iTunes U has been part of the iTunes Store for nearly ten years, and it remains one of the unsung heroes of Apple’s content offering. It features courses in hundreds of subjects, for nearly every age, from educational institutions around the world. Where else can you audit free course from Harvard, MIT, Oxford, and La Sorbonne?
As I write this article, there are featured sections for courses about Health & Medicine, Engineering, Art & Architecture, Business, Literature, and more. Pretty much anything you’d find in a college course catalog shows up on iTunes U, and there are courses in more than a dozen languages. There are also sections with courses for primary school and secondary school, with resources that teachers can use in the classroom.
When you go to the iTunes U section of the iTunes Store, you’ll see that it looks a lot like the rest of the store. There are rotating graphics at the top for featured content, promotional bricks in the middle of the page for different themes, and Top Collections and Top Courses charts showing the most popular downloads. But what’s less obvious at first glance is the fact that most of this content is free. (Initially, everything in the iTunes U section of the iTunes Store was free; now, Apple uses it to offer paid content as well (ebooks and apps) but also displays related podcasts when you click one of their highlighted graphics.)
iTunes U is a digital supermarket for free courses, plus some paid content such as ebooks and apps.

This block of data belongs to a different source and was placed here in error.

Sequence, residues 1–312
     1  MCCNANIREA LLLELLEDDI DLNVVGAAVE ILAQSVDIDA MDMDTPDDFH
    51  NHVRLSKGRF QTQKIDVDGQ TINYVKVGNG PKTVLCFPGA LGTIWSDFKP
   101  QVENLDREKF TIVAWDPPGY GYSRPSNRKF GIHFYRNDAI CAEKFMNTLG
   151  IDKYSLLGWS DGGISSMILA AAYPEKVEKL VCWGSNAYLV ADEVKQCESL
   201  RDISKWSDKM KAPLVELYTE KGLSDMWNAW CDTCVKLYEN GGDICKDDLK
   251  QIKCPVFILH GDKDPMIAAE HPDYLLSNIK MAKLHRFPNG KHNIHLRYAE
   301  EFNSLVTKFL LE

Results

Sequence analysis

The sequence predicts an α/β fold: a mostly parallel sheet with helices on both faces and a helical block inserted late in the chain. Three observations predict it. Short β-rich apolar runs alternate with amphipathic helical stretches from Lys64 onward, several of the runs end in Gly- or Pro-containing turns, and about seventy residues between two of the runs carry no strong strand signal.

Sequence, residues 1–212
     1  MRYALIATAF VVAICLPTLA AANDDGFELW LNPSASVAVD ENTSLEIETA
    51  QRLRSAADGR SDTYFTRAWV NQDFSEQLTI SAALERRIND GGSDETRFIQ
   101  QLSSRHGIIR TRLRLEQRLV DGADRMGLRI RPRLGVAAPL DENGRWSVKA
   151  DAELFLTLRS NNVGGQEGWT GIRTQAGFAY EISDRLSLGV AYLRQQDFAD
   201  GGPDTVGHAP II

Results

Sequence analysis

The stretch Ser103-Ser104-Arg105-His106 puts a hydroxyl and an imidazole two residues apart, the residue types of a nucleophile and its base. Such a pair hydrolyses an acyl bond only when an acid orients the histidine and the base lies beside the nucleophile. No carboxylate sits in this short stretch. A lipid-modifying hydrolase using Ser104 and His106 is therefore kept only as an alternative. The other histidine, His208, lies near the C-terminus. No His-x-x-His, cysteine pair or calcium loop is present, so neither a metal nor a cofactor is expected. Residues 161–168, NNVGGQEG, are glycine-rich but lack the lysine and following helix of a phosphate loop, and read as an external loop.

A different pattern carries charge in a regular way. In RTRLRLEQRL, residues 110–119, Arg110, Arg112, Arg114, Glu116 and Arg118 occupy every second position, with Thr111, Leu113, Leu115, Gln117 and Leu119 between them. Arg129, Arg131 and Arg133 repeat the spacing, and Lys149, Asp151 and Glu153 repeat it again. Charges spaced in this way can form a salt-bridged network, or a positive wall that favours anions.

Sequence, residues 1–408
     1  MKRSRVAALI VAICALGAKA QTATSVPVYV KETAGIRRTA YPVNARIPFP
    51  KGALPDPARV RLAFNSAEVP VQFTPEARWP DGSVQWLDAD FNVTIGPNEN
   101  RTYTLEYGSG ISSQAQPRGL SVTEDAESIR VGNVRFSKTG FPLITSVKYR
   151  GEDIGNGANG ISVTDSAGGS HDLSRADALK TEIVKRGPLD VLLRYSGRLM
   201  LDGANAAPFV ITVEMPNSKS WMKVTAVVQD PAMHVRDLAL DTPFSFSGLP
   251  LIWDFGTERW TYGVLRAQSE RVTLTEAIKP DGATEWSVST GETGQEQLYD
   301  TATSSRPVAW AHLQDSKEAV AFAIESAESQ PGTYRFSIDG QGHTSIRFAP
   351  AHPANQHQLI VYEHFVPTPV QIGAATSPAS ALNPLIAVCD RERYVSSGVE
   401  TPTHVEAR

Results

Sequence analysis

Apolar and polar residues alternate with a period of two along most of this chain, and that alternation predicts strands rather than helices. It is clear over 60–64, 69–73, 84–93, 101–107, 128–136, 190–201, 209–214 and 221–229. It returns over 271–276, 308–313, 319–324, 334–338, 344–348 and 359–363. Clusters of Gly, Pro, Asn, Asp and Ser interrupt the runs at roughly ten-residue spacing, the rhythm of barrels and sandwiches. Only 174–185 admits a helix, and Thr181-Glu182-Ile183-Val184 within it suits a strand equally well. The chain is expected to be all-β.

Much as with podcasts, you can either view or listen to iTunes U content directly, download it, or subscribe to specific courses. For a course that has completed, you can download all the content, or view individual items whenever you want; for courses that are active, you can subscribe so you get the latest material as soon as it’s made available.
Subscribe to a course in iTunes U to download all its content, or get new lessons as they become available.
You can browse the featured topics, browse by category, search the featured collections (in the right-hand sidebar, when you scroll down a bit), or perform a keyword search from the Search Store box in iTunes’s upper-right corner. Search results will show all types of content that match your search—movies, music, books, and so on—but just click the iTunes U link in the right sidebar of the iTunes Store window after you’ve performed your search to see only that type of content.
Each person will find different types of content that interests them on iTunes U, but it’s safe to say that anyone who wants to learn will find something to suit them. My iTunes U library contains lectures about Shakespeare’s plays; a series of Smithsonian Folkways recordings about American folk music; Michael Sandel’s thought-provoking lecture series Justice; a series of lectures, in French, about Marcel Proust’s novel À la recherche du temps perdu; and a number of courses about philosophy.
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